The Jordan Elizabeth Harris Foundation, a nonprofit providing suicide prevention training and education services in North Texas, has provided research funding in the amount of $49,950 to Dr. Crystal Cooper, a researcher with the Cook Children’s Jane and John Justin Neuroscience Center.
The study is titled: Cognitive and Neuroimaging Biomarkers of Well-being in Youth with and without Epilepsy.
“Here at Cook Children’s Neuroscience Research Center, we use the latest innovative developments in pediatric neuroimaging to understand brain structure and function. On top of that, our physicians are invested in harnessing research knowledge to aid clinical care,” Cooper said.
“Like depression, epilepsy is a common, diverse disorder with various causes, treatments, and outcomes. Having multiple mental health struggles are common in patients with epilepsy, with nearly 50% of patients having depression,” he said.
In addition to mental health disturbances among the general population, psychiatric disorders occur at high rates in patients with epilepsy, with nearly 50% of patients having depression, and 30% having anxiety.
Additionally, a CDC study published in Epilepsy and Behavior reported a 22% higher rate of suicide among those with epilepsy compared to the general population, the foundation said in a news release.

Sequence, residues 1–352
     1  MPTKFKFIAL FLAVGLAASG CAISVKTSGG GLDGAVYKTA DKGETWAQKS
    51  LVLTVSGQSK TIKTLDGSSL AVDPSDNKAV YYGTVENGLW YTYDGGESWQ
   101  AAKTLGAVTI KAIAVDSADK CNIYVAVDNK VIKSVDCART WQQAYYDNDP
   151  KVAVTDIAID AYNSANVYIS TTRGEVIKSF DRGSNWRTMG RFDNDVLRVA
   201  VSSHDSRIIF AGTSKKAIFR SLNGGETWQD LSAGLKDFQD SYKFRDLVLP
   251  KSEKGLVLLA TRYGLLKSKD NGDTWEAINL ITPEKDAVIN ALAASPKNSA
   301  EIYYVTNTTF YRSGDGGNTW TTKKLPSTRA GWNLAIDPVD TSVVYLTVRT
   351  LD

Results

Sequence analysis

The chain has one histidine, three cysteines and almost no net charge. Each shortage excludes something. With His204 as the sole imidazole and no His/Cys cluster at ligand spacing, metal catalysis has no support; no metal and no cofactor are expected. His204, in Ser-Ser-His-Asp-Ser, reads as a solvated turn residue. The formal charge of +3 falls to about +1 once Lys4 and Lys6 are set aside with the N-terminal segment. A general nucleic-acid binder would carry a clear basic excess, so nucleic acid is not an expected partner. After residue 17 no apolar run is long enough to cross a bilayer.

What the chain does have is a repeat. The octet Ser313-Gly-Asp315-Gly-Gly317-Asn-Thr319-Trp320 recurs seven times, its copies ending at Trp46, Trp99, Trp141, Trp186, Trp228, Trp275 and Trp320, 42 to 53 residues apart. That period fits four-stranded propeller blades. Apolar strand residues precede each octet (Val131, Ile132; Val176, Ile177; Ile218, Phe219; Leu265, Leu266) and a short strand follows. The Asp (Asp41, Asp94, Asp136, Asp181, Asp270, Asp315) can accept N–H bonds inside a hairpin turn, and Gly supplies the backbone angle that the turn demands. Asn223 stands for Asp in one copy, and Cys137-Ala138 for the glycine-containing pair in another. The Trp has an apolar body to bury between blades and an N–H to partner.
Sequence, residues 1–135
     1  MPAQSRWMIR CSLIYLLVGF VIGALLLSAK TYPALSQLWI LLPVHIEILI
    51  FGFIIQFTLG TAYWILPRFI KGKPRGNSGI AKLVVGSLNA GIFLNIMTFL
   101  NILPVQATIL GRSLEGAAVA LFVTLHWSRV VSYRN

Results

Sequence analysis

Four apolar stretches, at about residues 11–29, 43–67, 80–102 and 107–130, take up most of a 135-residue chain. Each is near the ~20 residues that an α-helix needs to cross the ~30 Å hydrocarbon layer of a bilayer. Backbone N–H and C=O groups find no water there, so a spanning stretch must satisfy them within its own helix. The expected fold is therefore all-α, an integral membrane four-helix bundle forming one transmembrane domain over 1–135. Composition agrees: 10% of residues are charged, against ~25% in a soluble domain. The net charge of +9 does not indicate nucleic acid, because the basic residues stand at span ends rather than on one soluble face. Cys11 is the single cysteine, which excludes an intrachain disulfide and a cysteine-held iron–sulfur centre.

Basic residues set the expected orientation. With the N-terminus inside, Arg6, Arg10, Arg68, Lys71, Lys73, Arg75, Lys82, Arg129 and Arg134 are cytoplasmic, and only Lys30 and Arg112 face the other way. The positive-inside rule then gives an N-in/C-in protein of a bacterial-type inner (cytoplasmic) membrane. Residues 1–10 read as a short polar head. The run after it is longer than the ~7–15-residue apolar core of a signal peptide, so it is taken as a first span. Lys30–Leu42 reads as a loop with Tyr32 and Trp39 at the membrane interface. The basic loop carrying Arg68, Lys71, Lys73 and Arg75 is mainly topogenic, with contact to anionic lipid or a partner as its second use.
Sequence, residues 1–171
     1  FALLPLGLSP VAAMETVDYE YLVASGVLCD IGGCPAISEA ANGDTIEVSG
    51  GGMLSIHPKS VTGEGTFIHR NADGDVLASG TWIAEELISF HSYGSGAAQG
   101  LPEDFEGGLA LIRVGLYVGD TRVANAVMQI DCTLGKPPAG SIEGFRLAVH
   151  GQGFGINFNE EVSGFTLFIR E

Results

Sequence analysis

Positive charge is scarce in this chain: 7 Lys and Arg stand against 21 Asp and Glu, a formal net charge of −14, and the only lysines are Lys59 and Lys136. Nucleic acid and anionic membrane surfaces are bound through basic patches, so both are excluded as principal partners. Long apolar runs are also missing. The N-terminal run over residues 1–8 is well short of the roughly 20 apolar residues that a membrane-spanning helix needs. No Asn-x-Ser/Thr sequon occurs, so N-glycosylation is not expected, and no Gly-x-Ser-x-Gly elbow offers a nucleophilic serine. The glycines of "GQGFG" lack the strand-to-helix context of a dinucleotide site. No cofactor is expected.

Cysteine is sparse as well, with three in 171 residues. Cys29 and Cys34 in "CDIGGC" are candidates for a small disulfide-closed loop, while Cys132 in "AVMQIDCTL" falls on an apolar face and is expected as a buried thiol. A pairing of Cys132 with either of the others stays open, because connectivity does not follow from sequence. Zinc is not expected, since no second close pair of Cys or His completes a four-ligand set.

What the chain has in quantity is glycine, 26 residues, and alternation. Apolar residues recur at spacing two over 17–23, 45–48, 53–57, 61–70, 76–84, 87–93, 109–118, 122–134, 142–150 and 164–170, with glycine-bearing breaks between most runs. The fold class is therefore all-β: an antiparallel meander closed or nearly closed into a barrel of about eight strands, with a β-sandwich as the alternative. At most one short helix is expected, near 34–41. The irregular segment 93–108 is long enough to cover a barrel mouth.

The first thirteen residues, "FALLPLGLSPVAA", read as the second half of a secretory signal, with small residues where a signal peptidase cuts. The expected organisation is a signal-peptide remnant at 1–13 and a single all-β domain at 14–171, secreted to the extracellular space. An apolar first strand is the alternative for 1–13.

The work of Cooper in Cook Children’s Neuroscience Research Center, directed by Dr. Christos Papadelis, is bridging mental health and cognitive neuroscience to better understand and inform the clinical world’s ability to enhance its precision treatment for these young patients.
Her work is aligned with the main goal of the center to facilitate the development of methods, technologies and treatments to alleviate the negative effects of these diseases and in some cases, to cure them.
“We are very excited to provide this funding for Dr. Cooper’s project and have the utmost respect for the groundbreaking research projects going on at Cook Children’s Health Care System to support the health and well-being of our community’s children,” said Christina Judge, executive director of The Jordan Elizabeth Harris Foundation.
The Jordan Elizabeth Harris Foundation (The JEHF) is a 501(c)(3) public charity and was created after the 2012 suicide of Jordan Harris of North Richland Hills who was in her senior year at the University of Michigan.
Her family discovered there were no local programs available in Tarrant County providing evidence-based suicide prevention training and education and the foundation was founded in 2014 to undertake that role in Tarrant County. The services provided by the foundation are unduplicated in Tarrant County, a news release said.